What an evening we had last Friday at the Flamsteed Blackheath stargazing event. We got to enjoy a feast of deep space objects including the prettiest double star of Albirio, the Ring and dumbbell nebulas, the dazling double cluster, the humbling ancient relics of Hercules and M92 globular clusters, the core of andromeda galaxy in combo with, to my surprise thanks to one of our keen guest/member acute observation, Andromeda’s satellite galaxy, M110 which was at the edge of the eyepiece view…wonderful.
We all felt most satisfied with the evening, contentedly packing away for the session, when suddenly we were startled by the sight of a huge streaking light and lingering multicoloured trail due Easterly direction. Bewildered, and rather cautiously, being of that nature, we theorised it being a firework but then soon realised how silly that was as how does a firework go off downwards from the sky!?! Mike of course quickly concluded that what we saw was a Fireball! For most of us, myself included, it was a first for us, and surely, a first for our Blackheath stargazing events?!?
Typically, Daily Express conjectures it being a UFO (why do I always fall for clicking on that damn link from the google search)…naturally, I shall not link to that but there are other more sensible sites that verified it as a fireball.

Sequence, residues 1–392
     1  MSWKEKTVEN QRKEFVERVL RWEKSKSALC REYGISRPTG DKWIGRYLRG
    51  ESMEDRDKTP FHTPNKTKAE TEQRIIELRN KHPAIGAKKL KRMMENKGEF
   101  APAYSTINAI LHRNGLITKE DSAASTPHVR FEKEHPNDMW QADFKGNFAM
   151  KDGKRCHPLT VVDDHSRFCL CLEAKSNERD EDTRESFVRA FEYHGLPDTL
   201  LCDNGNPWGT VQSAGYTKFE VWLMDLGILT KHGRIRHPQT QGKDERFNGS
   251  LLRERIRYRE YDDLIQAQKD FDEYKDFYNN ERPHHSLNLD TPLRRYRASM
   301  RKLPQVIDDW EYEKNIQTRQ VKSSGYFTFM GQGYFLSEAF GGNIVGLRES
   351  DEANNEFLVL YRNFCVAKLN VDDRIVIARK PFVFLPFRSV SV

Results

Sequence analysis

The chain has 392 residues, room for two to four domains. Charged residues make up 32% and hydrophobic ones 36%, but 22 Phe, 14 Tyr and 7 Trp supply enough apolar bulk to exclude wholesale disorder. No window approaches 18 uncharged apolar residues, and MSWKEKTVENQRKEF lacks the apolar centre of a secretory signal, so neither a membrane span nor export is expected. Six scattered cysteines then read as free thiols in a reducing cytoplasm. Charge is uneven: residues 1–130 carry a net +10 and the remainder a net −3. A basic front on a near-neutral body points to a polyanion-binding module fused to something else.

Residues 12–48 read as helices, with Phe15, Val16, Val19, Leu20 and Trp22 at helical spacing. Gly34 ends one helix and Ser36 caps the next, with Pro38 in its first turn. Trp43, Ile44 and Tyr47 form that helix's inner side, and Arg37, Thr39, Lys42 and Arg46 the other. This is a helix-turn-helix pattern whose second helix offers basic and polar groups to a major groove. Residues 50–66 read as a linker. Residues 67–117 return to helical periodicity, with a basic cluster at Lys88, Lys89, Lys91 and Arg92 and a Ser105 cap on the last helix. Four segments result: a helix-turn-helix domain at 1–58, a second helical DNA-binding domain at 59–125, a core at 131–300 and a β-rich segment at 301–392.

I went to Wales Astrocamp following morning, and some of the folks there also saw a bright streak at the same time but not as spectacularly. Seems like we in London had the best seats! But this must have been at a high altitude to be seen from so far.
Anyway, thanks Rupert/Mike for organising what turned out to be a very memorable session!
I reported the fireball to the Society for Popular Astronomy, and received the following reply this evening…
Thank you for your report of this fireball.
Reports have been received from the UK from as far north as Lincolnshire and North Wales and from as far west as the Bristol area. I have also heard, via a third party, of a possible sighting from Berwick upon Tweed. Further afield it was seem from many locations in Belgium, the Netherlands and northern France. The fireball’s atmospheric trajectory was over the English channel to the south of Sussex. Consequently, if it had produced any meteorite(s), they would most likely have fallen in the sea.
By chance this fireball occurred 4 years after a very spectacular fireball that crossed northern England during the evening of Friday 21st September 2012.
A summary of the early reports received by the SPA can be found at http://popastro.com/meteor/news/newsdetail.php?id_nw=482